I have been playing with vatting Canadians and bourbons of late, owing to some overzealous purchases of CC12 and CR Special Reserve almost a year ago. I have tasted the Cask 16 and wanted something similar but more intense and rich, and after reading Gary's last post in this thread, here's what I concocted:

275mL Crown Royal
100mL Crown Special Reserve
100mL Beam Black
100mL OO
100mL Knob Creek
50mL Lot 40
25mL Larressingle VSOP Armagnac

This blend has plenty of old whiskey, is quite high in terms of its straight whiskey component, and using Corby and Beam in concert to support the Crown profile added some nice wooded notes. Young whiskey and cracked grain come through from the two ryes. I used OO because I wanted to keep the Beam house involved, but WT might be better owing to its proof and assertive profile. The armagnac is easily detected, but it doesn't overcome the whiskey flavor; I might use something less expensive in the future, but that's what I had on hand.

One can make some very nice sipping whiskeys with good rye profiles from a combination of inexpensive bourbons and inexpensive Canadians. This is not such a blend, as the ingredients are a bit pricier, but the same balance could be achieved in a younger blend by using, say, CC12 or Seagram's VO Gold for the entire Canadian component. Gary, your posts on blending have taught me a lot, and I find this to be one of the more gratifying components of my whiskey hobby at this juncture. I love tasting new things and buying dusty bottles, but I can make a huge array of flavors with what I already have on hand or what I can buy cheaply, and the creative component is a lot of fun.

Regards,

Gillman
08-23-2008, 14:24
Thanks for the kind remarks and your essay sounds VERY good, I'd love to try it!

Gary

TBoner
08-23-2008, 14:42
Well, Gary, I can't get to KBF (again), but it's for a good reason: our first child is due Sept. 11. So...if I ever make it, I'll whip up a fresh batch, but in the meantime, I'm betting you have most of the components of this around...

Incidentally, I've been really working on getting something as smooth and drinkable as plain old CR from my own blending. I've gotten richer, deeper blends, but nothing so smooth and immediately appealing to the whiskey novice while still being satisfying for a connoisseur. Really an unbelievable whiskey for its style.
Crown, Forty Creek, Teacher's, and especially Famous Grouse leave me in absolute awe of the master blenders responsible for those consistently excellent, complex profiles.

Regards,

Gillman
08-23-2008, 14:58
I agree. but it's doable. I'd try using a less expensive Canadian that is around 12 years old (e.g. Gibson's, there are others) and adding a bit of an older bourbon or rye or more than one. It may work.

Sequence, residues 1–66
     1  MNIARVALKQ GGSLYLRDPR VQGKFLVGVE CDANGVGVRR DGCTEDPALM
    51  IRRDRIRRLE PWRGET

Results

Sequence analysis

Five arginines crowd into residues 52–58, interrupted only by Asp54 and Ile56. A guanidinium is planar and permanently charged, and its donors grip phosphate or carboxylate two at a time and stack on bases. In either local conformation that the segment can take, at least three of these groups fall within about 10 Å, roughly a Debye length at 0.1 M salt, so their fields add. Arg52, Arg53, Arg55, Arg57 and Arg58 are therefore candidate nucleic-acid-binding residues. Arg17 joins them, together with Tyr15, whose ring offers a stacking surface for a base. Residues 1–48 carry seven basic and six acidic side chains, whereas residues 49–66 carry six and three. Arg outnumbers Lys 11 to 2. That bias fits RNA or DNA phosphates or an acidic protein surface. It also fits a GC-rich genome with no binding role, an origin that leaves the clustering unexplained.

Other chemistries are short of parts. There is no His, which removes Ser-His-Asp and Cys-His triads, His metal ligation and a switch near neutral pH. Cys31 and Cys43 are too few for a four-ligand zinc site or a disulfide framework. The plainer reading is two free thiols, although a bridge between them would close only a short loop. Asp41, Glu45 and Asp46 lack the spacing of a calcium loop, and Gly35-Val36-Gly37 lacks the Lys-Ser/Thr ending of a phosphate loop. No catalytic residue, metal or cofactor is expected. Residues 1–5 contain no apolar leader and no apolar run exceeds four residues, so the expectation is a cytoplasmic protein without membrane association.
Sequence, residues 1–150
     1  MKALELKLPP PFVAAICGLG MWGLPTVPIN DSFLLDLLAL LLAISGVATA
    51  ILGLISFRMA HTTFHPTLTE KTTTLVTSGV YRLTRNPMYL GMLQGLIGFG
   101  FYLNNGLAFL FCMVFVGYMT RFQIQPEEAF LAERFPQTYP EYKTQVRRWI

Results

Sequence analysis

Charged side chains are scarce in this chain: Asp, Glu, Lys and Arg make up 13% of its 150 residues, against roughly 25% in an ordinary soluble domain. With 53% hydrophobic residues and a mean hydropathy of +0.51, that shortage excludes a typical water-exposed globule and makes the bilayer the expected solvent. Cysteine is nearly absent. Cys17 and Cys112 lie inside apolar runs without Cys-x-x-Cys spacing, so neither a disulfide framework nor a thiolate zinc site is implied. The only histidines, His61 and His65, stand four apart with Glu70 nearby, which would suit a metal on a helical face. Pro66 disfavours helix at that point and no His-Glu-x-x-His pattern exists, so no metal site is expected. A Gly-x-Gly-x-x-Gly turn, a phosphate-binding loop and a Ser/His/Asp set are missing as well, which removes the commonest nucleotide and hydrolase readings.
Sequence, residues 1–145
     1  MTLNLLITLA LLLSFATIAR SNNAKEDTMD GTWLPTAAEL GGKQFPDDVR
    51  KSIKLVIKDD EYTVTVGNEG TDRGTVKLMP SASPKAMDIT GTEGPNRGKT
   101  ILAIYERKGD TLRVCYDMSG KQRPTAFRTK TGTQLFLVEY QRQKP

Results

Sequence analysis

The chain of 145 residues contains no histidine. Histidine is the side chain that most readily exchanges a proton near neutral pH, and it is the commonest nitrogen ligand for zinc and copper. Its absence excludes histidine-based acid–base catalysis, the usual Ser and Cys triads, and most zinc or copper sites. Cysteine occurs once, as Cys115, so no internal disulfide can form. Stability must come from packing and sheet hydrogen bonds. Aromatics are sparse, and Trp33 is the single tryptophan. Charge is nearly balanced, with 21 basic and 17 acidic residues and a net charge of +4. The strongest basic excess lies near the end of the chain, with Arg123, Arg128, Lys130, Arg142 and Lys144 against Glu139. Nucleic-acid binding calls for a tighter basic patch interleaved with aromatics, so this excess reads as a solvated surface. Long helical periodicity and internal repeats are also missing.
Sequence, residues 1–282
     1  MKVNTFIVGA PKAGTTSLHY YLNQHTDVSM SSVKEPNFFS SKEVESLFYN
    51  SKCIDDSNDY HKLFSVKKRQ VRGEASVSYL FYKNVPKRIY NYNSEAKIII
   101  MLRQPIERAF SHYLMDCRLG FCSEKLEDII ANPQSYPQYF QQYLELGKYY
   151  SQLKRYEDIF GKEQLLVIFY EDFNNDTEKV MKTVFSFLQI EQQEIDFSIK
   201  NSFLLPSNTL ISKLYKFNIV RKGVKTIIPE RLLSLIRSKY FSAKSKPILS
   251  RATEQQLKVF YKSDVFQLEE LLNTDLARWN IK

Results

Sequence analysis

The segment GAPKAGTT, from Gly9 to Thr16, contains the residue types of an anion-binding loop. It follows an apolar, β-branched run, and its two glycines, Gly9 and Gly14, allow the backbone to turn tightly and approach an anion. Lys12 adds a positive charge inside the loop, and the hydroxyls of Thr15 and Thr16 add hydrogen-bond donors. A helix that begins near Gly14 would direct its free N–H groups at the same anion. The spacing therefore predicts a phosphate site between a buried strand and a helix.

gary

TBoner
08-23-2008, 15:59
Gary, thanks. We don't get Gibson's down here, but maybe if I start from Forty Creek, which shows its oak stylishly, I could do something. I know Forty Creek is not as old - I think I've read that there's a 5-year-old component in the blend frequently - but the oak influence edges toward bourbon-like to me. It would certainly be different from what I have been trying. I normally drink Forty Creek neat with dessert (or as dessert); that hints to me that it would work as a base.

Regards,

Gillman
08-23-2008, 16:23
Forty Creek might work (certainly you could make a great blend with it, valid on its own merits if need be). But there must be other Canadians available there, say the 10 year old CC or the 12, something like that. Or any brand really that is around 10 years old. CR is a minimum of 10 years old I understand. Its keynotes are an oaky taste, so I'd add any woody bourbon that could impart that - Weller 107, say (I believe Weller 107 may be 9-10 years old and all-Louisville distilled because last year a member of the Louisville Bourbon Society gave me a special bottling done for that group, it said on it, 9 years old, distilled at DSP 1. So even after the sale by UDV of the brand, I wonder if the drink was still distilled there under contract, because that would mean it was a 1998 distillate (two years after the sale of the distillery to HH and as many years at least after the sale of the Weller name to BT, but I digress)). Or maybe Forty Creek, CC 10 years or 12 and some of that Weller 107 or any other older bourbon or rye or more than one.

Gary

TBoner
08-23-2008, 17:07
Ah, CC10 I have not tried for blending. It's not so rich as the 12, lacking some of the vanilla while still having plenty of oak. Hmm...I like the Weller 107, and then maybe a lower-proof well-aged rye like Russell's Reserve Rye to keep the proof in range for novice drinkers. Another bourbon that I think could do good things in this type of blend is Ezra B 12, which is very drinkable at its proof and provides a traditional high-rye profile. It's not too pricey, either, which is to its advantage for experimentation. Thanks for the ideas, Gary.